“I also see a lot of organizations coming to the realization that this is critical. This is critical to continuity and resiliency. This is critical to protecting your brand, people, property and executives. One of the things that I like to note is that it's not only important to highlight threat management and threat assessment as a notion, but to really invest in people and process to make sure they're properly trained in identifying threats, investigating and using all the known information to properly assess. The assessment of threats can be quite tricky. At Kroll, we oftentimes bring in experts in mental health, particularly forensic psychiatry or psychology. We also bring in criminologists, handwriting experts and forensic handwriting experts who can review content for context, syntax and all the things that indicate somebody's mental state. They can truly recognize that if an organization doesn’t have the internal capabilities, need or desire to have this organically built within their organization and help them find a partner who has the proper training and methodology to avoid bias, reduce the potential for missing a critical signal and keep people from over or under reacting. Keep in mind, when an organization or a person is being threatened, anxieties can be high, and people can often overreact. What we need to ensure is that our partners have properly informed and trained teams to truly assess the criticality and the legitimacy of any threat that they're assessing.” — Matthew Dumpert
“I also like the ability to ensure that everything's being shared properly. We often see the silo effect, where HR knows about an issue and the manager knows about an issue, but it never comes together. I like the idea of what we’re talking about the ability to generate reports. We can search, use artificial intelligence and use all these different tools to get this data to the right place so that we are not siloed in our responses. This helps us avoid issues down the road; after an incident takes place, we don’t want to have five different people tell us they knew all these things all along and had it their own systems, but not in a shared system that everybody got to see. So, I like the idea that, when it really comes down to what you're seeing today, organizations are best sharing, compiling and sorting this information. How else do people manage this process? How are people ensuring they can do this if they don't have a tool like Resolver to be able to bring this all together?” – Jeff Kernohan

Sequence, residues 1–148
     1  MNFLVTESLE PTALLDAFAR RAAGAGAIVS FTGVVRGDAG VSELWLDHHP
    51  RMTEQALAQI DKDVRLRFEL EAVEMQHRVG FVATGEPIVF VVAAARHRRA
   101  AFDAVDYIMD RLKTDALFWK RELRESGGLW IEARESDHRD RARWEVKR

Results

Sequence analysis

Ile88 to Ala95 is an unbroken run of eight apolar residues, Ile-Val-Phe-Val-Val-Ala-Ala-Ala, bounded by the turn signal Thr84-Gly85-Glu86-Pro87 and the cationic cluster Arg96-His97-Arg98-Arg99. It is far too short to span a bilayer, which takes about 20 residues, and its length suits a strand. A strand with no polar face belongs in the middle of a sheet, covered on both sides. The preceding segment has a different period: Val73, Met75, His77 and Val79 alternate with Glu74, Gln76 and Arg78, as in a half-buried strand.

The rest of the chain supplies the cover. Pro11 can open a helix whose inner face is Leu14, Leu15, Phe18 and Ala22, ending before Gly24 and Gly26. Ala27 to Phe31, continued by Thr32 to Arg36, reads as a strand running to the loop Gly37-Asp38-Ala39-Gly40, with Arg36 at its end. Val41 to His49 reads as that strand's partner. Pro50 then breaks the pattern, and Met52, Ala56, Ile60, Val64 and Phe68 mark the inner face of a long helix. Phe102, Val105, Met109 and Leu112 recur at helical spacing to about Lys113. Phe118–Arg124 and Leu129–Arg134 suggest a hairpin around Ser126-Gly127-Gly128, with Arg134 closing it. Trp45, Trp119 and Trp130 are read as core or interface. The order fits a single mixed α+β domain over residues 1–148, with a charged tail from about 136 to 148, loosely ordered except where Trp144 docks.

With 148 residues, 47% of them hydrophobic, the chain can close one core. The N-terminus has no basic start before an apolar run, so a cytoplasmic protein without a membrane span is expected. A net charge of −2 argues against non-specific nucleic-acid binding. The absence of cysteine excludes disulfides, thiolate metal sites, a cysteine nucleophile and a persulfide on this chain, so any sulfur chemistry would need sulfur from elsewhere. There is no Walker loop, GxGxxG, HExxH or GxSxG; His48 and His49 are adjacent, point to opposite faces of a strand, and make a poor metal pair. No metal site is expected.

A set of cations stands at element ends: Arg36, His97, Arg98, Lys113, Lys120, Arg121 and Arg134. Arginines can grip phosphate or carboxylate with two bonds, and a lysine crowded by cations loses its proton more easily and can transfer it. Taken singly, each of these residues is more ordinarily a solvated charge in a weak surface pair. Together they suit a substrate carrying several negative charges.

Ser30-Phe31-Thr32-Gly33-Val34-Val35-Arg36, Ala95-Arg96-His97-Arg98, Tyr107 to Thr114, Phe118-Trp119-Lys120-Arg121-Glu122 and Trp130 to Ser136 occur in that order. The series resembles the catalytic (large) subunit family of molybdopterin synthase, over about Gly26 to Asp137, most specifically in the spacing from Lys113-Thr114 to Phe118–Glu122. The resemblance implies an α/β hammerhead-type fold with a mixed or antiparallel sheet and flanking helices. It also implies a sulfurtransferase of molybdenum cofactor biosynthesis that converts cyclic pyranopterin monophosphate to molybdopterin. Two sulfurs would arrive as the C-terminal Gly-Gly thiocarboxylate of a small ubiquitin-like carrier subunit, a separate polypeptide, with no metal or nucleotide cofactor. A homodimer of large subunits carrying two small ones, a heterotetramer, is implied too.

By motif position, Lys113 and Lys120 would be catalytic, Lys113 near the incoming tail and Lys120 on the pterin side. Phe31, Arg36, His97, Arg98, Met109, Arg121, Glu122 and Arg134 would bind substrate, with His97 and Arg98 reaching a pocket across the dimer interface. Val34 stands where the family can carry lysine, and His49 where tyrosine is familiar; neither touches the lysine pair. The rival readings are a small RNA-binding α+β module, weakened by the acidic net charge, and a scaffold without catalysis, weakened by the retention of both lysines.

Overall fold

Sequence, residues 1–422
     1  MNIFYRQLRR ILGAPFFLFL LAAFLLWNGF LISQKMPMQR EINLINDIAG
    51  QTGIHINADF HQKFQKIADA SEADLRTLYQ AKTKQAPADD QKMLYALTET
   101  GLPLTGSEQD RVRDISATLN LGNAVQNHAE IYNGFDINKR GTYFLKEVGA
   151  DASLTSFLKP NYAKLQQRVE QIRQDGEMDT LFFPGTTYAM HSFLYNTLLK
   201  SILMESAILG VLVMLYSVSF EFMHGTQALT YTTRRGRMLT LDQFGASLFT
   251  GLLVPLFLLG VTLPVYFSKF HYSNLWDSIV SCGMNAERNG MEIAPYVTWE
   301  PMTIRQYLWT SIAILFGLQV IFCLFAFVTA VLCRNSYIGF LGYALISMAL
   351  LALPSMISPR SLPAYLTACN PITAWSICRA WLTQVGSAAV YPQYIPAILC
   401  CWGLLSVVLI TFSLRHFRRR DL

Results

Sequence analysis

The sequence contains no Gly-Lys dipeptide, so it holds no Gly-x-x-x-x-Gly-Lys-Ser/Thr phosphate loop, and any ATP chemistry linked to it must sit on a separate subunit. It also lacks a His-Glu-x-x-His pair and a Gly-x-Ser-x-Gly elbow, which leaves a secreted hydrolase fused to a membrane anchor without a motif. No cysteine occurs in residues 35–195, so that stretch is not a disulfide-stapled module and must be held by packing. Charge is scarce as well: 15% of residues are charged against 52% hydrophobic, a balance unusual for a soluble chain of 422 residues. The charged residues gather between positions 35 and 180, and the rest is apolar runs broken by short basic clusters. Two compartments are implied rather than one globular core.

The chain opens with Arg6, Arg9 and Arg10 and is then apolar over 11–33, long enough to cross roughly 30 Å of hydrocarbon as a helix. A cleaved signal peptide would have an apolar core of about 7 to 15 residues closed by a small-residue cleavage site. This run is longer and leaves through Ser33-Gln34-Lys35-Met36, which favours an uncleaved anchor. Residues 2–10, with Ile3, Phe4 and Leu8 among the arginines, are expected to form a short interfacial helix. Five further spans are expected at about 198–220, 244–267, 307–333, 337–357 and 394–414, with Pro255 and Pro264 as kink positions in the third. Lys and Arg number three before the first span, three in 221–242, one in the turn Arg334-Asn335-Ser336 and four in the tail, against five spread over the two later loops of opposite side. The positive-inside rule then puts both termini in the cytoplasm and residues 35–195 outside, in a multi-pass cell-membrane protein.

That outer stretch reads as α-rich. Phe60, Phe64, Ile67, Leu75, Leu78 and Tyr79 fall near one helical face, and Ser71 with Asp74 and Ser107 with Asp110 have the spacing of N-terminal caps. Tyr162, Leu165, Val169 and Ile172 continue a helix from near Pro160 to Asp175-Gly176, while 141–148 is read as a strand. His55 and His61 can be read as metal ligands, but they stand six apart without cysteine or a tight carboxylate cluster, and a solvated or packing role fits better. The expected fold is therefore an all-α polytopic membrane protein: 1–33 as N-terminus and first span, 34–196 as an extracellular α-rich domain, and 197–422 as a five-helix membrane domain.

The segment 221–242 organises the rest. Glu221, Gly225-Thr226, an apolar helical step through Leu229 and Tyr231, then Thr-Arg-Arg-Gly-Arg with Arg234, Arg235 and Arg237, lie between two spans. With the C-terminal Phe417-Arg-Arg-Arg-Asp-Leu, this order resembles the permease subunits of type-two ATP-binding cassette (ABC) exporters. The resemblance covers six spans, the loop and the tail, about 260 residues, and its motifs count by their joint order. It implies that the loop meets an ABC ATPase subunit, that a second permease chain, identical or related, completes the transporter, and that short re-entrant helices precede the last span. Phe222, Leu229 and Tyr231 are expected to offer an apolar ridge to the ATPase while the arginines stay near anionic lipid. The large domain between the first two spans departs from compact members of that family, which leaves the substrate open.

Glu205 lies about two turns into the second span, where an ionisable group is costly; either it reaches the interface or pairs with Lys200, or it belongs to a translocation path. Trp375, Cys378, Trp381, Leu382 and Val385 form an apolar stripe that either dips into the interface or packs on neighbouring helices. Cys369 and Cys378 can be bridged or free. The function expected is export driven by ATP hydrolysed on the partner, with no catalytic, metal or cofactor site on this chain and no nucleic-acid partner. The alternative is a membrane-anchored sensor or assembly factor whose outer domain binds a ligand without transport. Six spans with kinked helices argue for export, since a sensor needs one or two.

“That's probably the biggest disconnect that I see throughout all industries and verticals. There’s a real desire to tackle these problems with modern day solutions, apply all the best tenets of threat management and threat assessment and be on the leading edge of mental health awareness, substance abuse and all the things that can exacerbate a threat case. Yet, the disconnect is in connecting the dots and breaking down the silos between business units. Human resources or human capital might have access to certain information while legal and security and risk management might have access to other information. All these compartmentalized offices have access to different types of information and nobody's connecting the dots. There's a real willingness to try, and that is exciting and a powerful capability that Resolver brings to the table.” — Matthew Dumpert
“Yeah. I'd agree with that. In addition to what you mentioned, another thing we often hear from our customers is the need to have proper escalation and notification flows, which manual processes don't lend well to. You're either over communicating things that are not sufficiently important and you fall into the noise category, or you fail to communicate something that's very important to a business partner and executive that they really needed to know about. With automated communication, notification flows and escalation flows that a platform like Resolver allows, these scenarios are resolved for those customers, and they know that all of the right actions will be taken reliably, every time.”—Artem Sherman
“Excellent. The information you guys have covered has been fantastic today. I'm really enthralled by everything that you're giving me, but are there any last-minute messages that we need to make sure our listeners are aware of when it comes to gathering and using all this data and being effective in threat management? Anything you guys want us to take away from the podcast?” – Jeff Kernohan
“I think over the past couple of years, organizations have moved to be more distributed and operate in a more remote and distributed fashion. What they're realizing is that, at the same time, their duty of care extends to that remote and distributed world. That’s where we see that shift from a primary focus on physical security moving into the virtual threat protection and online space more and more. Organizations are trying to figure out, how do I still protect my assets and my people in a remote world? And that's where they start to move towards realizing that they really need a more robust threat protection program.”—Artem Sherman
“Well, that seems like a good ending point. I'd like to thank both of my guests for coming on today and talking to us. Also, I'd like to thank all our listeners. Please tune in next month where we're going to have an interesting session on threat management in the health care environment and all the particulars that come along with health care and the security and risk issues that they face. We'll see you next time.” –Jeff Kernohan